01/03/2003 12:00AM

Can Gulf restore lost luster?


HALLANDALE BEACH, Fla. - Racing's most interesting business story in the first quarter of 2003 will be whether Gulfstream Park, which opened here Friday, can rebound from its dismal 2002 season. The verdict will reflect not only on a single race meeting, but on Florida winter racing and its place in the sport.

It used to be that just about every good horse outside of California raced in Florida during the winter at Gulfstream or Hialeah, and that most American champions began their seasons in the Sunshine State. But not one of the likely winners of the Eclipse Awards, which are handed out later this month, made a single start at Gulfstream last year. In some ways this is emblematic of broader changes in the sport such as lighter and later campaigning of top horses, but it also shows an erosion in Florida's place at the very top of the game.

Gulfstream's more immediate challenge is to reverse last year's results, in which a horse shortage led to unappealing racing that barely outhandled Aqueduct on a daily basis. Simulcast bettors who once primarily played Gulfstream during the winter found better opportunities in California, New York, or even New Orleans and Hot Springs, Ark. It was not just a matter of field size. The feeling was gone from years past that every Gulfstream maiden and allowance race demanded attention as a likely source of future stakes horses.

The early signs are for a better 2003. With an extra 700 horses stabled at Palm Meadows, fields should be bigger, and a few outfits that previously defected have returned. The track is stressing racing rather than postrace concerts in its advertising and has been responsive to customers by adding a pick four to the betting menu and instituting a player's reward and rebate program.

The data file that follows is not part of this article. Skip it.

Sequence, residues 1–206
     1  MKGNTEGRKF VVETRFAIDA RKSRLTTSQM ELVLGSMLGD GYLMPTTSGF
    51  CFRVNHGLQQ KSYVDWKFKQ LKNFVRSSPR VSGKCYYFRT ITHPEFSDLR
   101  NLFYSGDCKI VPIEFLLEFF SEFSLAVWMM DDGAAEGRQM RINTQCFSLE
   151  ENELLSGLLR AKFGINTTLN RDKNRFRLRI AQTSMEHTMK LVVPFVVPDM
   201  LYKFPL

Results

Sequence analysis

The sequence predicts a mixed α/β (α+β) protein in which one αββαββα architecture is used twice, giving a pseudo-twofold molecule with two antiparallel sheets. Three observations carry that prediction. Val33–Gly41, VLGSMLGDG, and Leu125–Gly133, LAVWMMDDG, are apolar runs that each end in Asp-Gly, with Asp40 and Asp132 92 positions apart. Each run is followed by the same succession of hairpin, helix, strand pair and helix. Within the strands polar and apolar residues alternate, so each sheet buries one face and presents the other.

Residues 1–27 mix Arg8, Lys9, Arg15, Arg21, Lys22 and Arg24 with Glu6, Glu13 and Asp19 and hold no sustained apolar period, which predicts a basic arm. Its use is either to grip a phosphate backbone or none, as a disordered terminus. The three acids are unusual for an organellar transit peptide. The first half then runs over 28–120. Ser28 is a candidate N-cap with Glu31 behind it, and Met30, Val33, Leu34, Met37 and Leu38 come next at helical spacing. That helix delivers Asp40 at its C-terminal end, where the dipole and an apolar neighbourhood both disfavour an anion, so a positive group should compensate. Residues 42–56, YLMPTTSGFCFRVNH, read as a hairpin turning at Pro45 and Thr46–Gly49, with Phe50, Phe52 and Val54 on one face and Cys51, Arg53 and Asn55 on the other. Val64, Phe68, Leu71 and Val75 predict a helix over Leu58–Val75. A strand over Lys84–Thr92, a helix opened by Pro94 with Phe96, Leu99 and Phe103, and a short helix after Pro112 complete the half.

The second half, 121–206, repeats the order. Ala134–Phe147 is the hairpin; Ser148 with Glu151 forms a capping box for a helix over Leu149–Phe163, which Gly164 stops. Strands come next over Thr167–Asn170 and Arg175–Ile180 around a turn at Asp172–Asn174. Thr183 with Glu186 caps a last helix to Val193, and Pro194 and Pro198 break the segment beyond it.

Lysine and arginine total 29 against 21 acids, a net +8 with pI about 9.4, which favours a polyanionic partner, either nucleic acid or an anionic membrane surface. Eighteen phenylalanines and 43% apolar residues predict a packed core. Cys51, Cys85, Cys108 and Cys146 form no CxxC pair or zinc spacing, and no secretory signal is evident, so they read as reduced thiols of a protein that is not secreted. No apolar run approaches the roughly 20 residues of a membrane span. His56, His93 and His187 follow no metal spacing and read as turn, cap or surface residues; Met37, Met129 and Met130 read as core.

It all sounds promising, but questions remain. Rather than shoring up the existing stakes programs and struggling races such as the Donn Handicap, Gulfstream is devoting its energy and extra purse dollars to the Sunshine Millions, a gaudy and somewhat eccentric co-promotion with Santa Anita to be held on Jan. 25. Each track will host four races pitting California-breds against Florida-breds.

More disturbing is that an ambitious program of renovations to the Gulfstream plant has been halted without a particularly convincing explanation, fueling concerns about Magna Entertainment's long-term plans for the property. Those plans may ultimately hinge on whether Gulfstream regains its former prominence on the racing calendar.

No viable alternative to Azeri

Eclipse Award votes were due at 5 p.m. last Tuesday, and at 4:30 p.m. I was still staring at the empty Horse of the Year box on my ballot, trying to find an alternative to the inevitable.

Azeri is a cinch to be named Horse of the Year when the final envelope is opened Jan. 27 at the Beverly Wilshire in Los Angeles and not in one of those messy electoral-college squeakers. The reason it took me until 4:52 to write in her name is that she is a legitimate champion but a Horse of the Year purely by default. She is an outstanding racemare with a remarkable record but she will be Horse of the Year because there was no logical alternative.

When Azeri won the Distaff at the start of Breeders' Cup Day, at least five other horses - Came Home, Evening Attire, Rock of Gibraltar, Medaglia d'Oro, and War Emblem - still had to lose to make her the Horse of the Year. When they all did, it became impossible to argue their cases.

War Emblem was the story of the year and accomplished nearly enough with victories in the Derby, Preakness, and Haskell, but ended the year finishing off the board in three of his final four starts. Medaglia d'Oro was clearly the best 3-year-old by year's end but lost four of his last six, including all three Triple Crown races and the Classic.

Andrew Beyer makes an interesting case for Rock of Gibraltar, who may well have been the most talented horse on the planet in 2002, but how can you give a North American championship to a horse who neglected to win a race in North America?

Azeri, who won 8 of her 9 starts and collected five Grade 1 victories last year, had by far the best campaign of any candidate and it's unreasonable to demand in retrospect that she should have stepped outside of her division and beaten males. She is Horse of the Year by default and as a specialist, but so in recent years were Kotashaan and Favorite Trick and she's at least as worthy a racehorse as either of them.